• Jackie Ricciardi

    Staff photojournalist

    Portrait of Jackie Ricciardi

    Jackie Ricciardi is a staff photojournalist at BU Today and Bostonia magazine. She has worked as a staff photographer at newspapers that include the Augusta Chronicle in Augusta, Ga., and at Seacoast Media Group in Portsmouth, N.H., where she was twice named New Hampshire Press Photographer of the Year.   Profile

Comments & Discussion

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There are 9 comments on Where I’m Coming From

  1. I am constantly seeing a lack of black men at MET Computer Science and in the industry as a whole. Their disproportionate underrepresentation is very worrisome.

    I also have to say I am extremely bothered by seeing 20+ years of thought leaders attacking the underrepresentation of women in STEM, and saying little or nothing about the underrepresentation of blacks. I have plenty of women in my CS courses at Met, and a good number of Hispanic, but practically no American blacks. My students of African ancestry have virtually all been immigrants. I’m missing a whole piece of America in my classes.

    1. I have found Africans to value education and appreciate the chance to study sciences. American blacks don’t take stem classes in hs and this holds them back from these courses incollege. STEM courses are hard and require a
      lot more time than courses such as sociology or race.
      I don’t know how to improve thenumbers except to start stem courses in elementary school and keep after these kids.

    2. I am equally concerned about lack of AFrican Americans in STEM. It is glaring across all disciplines. As a product of the 80s and 90s I think there is competition for their attention, particularly the perceived pathway to “getting paid”. And I’m not talking in the illegal sense…sports and entertainment have co-opted the minds and passions of young Blacks in America. These are perceived as easier paths to money, success, and noteriety even though they are more difficult and unpredictable paths than earning degrees in STEM fields. We need to rethink how we engage young Black students and brand STEM education/careers.

    3. I also think the issue is also systemic and includes issues of funding. When I look across public high schools many don’t have the funding to provide hands on interactive science classes. I think the opportunity to see science as tangible is a problem across the US. Also the issue starts from elementary school, as I toured schools for my 5 year old son I asked about their science programming and so many of them had generic curriculum that were add ons that the teachers did. There was no administrator who was thinking about the trajectory from a meta level.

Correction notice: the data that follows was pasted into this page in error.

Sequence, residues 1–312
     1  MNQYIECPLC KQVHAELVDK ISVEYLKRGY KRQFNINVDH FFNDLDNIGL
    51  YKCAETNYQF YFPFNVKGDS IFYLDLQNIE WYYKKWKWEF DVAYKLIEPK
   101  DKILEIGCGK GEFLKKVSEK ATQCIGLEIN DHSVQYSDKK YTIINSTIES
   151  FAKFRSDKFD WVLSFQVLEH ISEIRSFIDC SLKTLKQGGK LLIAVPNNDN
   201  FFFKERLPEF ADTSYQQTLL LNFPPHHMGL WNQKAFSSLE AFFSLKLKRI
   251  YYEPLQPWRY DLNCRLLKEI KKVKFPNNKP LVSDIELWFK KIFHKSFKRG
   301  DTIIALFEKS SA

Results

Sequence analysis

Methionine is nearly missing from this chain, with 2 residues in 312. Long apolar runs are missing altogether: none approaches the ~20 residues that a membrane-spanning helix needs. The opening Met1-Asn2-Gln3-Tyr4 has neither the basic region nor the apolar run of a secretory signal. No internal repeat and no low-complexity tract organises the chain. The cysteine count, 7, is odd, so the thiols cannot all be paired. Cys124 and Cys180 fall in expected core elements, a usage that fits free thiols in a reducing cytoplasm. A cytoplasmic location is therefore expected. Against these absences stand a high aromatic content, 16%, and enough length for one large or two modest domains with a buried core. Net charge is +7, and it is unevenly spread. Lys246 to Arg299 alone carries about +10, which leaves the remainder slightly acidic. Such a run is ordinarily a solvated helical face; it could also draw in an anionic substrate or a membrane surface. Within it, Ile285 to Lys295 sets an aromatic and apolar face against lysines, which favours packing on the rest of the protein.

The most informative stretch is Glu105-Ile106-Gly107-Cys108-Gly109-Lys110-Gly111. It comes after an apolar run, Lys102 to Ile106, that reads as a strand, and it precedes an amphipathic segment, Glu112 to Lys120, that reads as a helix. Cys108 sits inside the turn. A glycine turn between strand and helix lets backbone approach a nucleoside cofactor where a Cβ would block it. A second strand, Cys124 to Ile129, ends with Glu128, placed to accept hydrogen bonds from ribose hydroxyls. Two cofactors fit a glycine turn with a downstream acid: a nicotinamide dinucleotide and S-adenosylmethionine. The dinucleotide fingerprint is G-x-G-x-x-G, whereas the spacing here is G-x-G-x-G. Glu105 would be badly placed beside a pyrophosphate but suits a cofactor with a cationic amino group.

2. The underrepresentation is an important issue, specially as mentioned in science and engineering. Yet, the article lacks in representing one of the very main groups it highlights, Hispanics.

    Consequently, it very much reproduces what the NSF report found…underrepresenting Hispanics.

    I do appreciate this underrepresentation is being talked about and noticed more.

    1. I agree with you AB. Blacks seem to get a lions’ share of the attention in regards to underrepresentation in America. Probably because the machinery and the system for getting a message out from the demographic has been in America the longest, given the fight for freedom from slavery and the Civil Rights movement. We are in a new era so inclusion needs to be applied to the concenpt of underrepresented as well. When I was in grad school, I promoted this philosophy and created an inclusive group (whites, blacks, feminist, LGBT, etc) and it gave us a more powerful voice when we challenged the administration to increase their efforts in diversity.

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